This is part of an ongoing series “Learning While Black: The Fight For Equity In San Francisco Schools.”
It’s been 40 years since a landmark legal ruling led to a statewide ban on the IQ testing of black students for purposes of placement in special ed. Now, the lead plaintiff in that case, known as “Larry P,” is getting a second chance at an education.
Back in 1979, a federal judge banned California school districts from administering IQ tests to black students to determine whether they belong in special ed. In his ruling, the judge called the tests culturally biased and said districts were using them to channel too many black kids into dead-end classes. That ban is still in place. No other state has one. So the “Larry P” case, named after the lead plaintiff, is well-known.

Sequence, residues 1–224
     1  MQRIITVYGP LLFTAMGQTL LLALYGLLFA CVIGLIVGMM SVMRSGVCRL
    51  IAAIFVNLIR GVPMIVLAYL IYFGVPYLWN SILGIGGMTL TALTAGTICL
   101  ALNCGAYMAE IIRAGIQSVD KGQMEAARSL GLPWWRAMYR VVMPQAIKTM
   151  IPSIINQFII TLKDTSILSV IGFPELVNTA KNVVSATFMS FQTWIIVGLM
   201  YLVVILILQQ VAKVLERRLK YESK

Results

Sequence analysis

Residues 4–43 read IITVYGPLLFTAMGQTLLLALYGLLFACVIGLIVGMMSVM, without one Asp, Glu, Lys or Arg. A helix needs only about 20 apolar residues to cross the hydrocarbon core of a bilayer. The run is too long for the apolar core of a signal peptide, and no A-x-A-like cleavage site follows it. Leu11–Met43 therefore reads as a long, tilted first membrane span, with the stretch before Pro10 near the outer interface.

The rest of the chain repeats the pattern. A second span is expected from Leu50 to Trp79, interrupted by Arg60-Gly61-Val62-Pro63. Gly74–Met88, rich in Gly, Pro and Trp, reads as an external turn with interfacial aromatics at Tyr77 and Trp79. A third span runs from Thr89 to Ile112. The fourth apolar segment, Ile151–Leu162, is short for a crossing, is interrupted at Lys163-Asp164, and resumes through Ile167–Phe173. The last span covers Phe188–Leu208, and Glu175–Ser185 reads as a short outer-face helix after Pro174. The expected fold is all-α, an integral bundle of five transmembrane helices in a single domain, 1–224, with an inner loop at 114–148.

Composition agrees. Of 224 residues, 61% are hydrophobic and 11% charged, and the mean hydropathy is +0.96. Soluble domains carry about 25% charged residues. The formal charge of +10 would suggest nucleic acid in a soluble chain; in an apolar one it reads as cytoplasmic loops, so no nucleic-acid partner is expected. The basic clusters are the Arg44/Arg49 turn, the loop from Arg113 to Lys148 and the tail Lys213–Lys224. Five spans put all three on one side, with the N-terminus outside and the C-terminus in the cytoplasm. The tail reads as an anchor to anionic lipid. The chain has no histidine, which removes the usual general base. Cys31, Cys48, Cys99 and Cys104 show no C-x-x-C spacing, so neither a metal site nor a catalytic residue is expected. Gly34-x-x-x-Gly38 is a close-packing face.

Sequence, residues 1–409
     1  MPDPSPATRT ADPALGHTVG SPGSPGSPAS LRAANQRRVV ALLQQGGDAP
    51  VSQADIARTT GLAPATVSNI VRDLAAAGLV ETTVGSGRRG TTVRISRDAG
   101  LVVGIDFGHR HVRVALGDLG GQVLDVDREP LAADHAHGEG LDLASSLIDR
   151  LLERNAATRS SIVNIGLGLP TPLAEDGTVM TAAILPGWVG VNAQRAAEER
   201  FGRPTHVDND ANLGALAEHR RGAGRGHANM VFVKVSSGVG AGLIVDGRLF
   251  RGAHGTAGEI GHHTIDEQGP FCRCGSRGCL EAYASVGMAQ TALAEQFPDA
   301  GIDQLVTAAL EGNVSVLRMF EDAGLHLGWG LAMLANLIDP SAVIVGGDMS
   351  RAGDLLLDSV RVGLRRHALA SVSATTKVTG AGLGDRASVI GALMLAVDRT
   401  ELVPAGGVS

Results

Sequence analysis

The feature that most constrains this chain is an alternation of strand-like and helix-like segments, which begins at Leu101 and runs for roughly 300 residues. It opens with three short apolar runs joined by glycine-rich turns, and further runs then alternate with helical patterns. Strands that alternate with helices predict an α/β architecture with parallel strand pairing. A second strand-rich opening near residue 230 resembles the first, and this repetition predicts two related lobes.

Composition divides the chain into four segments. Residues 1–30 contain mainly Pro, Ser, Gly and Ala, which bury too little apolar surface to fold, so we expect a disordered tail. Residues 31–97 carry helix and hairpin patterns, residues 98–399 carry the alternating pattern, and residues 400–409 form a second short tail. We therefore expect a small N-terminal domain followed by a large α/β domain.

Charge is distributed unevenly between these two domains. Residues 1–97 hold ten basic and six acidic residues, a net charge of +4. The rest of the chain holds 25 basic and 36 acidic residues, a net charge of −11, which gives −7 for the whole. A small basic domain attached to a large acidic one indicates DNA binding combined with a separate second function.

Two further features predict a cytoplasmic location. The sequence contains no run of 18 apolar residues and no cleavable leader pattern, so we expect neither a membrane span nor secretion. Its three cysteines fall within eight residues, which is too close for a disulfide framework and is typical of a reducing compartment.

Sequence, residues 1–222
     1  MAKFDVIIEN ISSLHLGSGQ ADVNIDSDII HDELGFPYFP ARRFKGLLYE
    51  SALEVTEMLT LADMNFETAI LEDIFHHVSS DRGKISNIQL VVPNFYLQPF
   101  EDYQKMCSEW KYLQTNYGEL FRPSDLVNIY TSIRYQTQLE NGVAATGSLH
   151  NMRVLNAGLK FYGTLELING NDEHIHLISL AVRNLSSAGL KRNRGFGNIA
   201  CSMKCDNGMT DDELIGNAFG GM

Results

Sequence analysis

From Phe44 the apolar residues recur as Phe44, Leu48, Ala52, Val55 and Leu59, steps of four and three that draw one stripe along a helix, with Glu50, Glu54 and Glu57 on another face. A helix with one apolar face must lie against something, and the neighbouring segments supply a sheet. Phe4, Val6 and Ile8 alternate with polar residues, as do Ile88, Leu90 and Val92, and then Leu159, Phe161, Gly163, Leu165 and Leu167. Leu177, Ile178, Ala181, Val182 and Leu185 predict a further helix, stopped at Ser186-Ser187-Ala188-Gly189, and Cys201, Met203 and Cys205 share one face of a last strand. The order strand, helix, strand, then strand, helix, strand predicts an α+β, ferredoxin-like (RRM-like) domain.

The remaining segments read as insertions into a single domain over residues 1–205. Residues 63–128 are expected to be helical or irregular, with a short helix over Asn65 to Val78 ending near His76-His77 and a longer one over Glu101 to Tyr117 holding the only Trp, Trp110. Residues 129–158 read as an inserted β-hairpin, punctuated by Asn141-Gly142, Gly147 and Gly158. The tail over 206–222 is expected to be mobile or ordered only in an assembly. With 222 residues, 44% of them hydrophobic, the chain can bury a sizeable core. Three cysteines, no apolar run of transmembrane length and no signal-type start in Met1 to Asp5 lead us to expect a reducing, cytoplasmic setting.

But, until we tracked down the real “Larry P,” no one knew what had become of him. It turns out, “Larry P.” was a pseudonym. His real name is Darryl Lester. And since we aired Darryl's story in January of this year, his life has changed.
Click the play button above to listen to the full interview.